Discussing his reversion to Islam, Anelka said: “I was sixteen when I converted to Islam. Beyond the fraternal aspect, my conversion did not change my life. I was already living by the same principles – being righteous, having values… I used to fast during Ramadan because I admired the people fasting around me.”
He continued: “What made me convert was that I had that certainty that Islam was for me. I felt this relationship with God, and that enlightened my life. I had that conviction in my heart that that was my religion.”
Anelka recently moved to North Africa where he works as a consultant for the Algerian soccer club NA Hussein Dey. “I’m very excited about developing Algerian soccer. Right now it is mainly represented by Frenchmen of Algerian background who play in France, the Netherlands, and the UK… I’d like to set up coaching academies in Algeria,” he said.
“The biggest challenge is to train youngsters, and build up the foundation of the game. Once the basis is in place, the rest follows,”
Anelka reverted to Islam in 1994 in the United Arab Emirates, adopting the Muslim name of Abdul-Salam Bilal. “I have an affinity with Algeria, because I grew up with plenty of Algerian friends in the suburbs of Paris,” he said.
“We had lots in common, including Islam. In fact, people kept telling me that I had an Algerian character. I was very touched by that because they are a very proud people. I’m proud but not arrogant.”
Praising Algerian players, the soccer play said: “Algerian players have great qualities, especially their technical game. It seems to be innate in Algerian soccer.”
“It really is an art. Algerians are above average when it comes to technique, but there are shortcomings, which need to be worked on. I simply want to transmit my knowledge on soccer to Algerian youngsters and inspire them. Algerian soccer reminds me of the style of Brazilian soccer.”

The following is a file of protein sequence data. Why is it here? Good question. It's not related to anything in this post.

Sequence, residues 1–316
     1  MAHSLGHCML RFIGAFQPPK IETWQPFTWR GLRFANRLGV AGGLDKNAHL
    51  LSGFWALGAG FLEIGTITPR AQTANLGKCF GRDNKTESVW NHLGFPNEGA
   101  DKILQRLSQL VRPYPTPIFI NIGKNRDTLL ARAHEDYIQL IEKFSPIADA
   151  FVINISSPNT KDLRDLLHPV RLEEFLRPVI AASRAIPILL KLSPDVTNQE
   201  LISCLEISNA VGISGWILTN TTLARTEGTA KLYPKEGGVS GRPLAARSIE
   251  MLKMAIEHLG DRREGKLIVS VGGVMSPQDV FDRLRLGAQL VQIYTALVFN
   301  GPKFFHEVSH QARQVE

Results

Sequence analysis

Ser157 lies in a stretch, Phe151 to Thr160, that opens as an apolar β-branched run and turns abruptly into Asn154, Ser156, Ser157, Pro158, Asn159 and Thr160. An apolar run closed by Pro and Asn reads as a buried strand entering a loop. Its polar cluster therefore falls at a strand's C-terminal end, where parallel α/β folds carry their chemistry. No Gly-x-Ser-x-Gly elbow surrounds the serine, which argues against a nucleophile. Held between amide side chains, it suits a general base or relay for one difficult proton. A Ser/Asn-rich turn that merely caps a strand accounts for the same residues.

After the Charlie Hebdo attacks an online initiative called #nietmijnislam (#notmyislam) arose spontaneously. The group distances itself from extremist Islam and favours dialogue, but found it really difficult to find a place for their first gathering in real life.
Acccording to one of the initiators Mostafa Hilali one of mentioned reasons for a organization in The Hague to annul the appointment was ‘controversial persons’ being related to #nietmijnislam. Their source was GeenStijl (a website known for its’ inflammatory and sarcastic way of bringing ‘news’, without taking political correctness and journalistic principles into serious consideration). Later on the organization denied the reason being a fear for radical Muslims and explained that Hilali was spoken to by someone who was no part of the decision process. Another argument is that safety cannot be guaranteed.
Lodewijk Asscher, minister Social Affairs, regrets the difficulties #nietmijnislam faces, stating that an initiative like #nietmijnislam is just what is needed in a time wherein a lot of people are afraid of terrorism. Asscher emphasizes the importance of an ongoing dialogue on religion and tensions in the rest of the world.
In the end #nietmijnislam was able to arrange a meeting with help of the Ministry of Social Affairs and Work.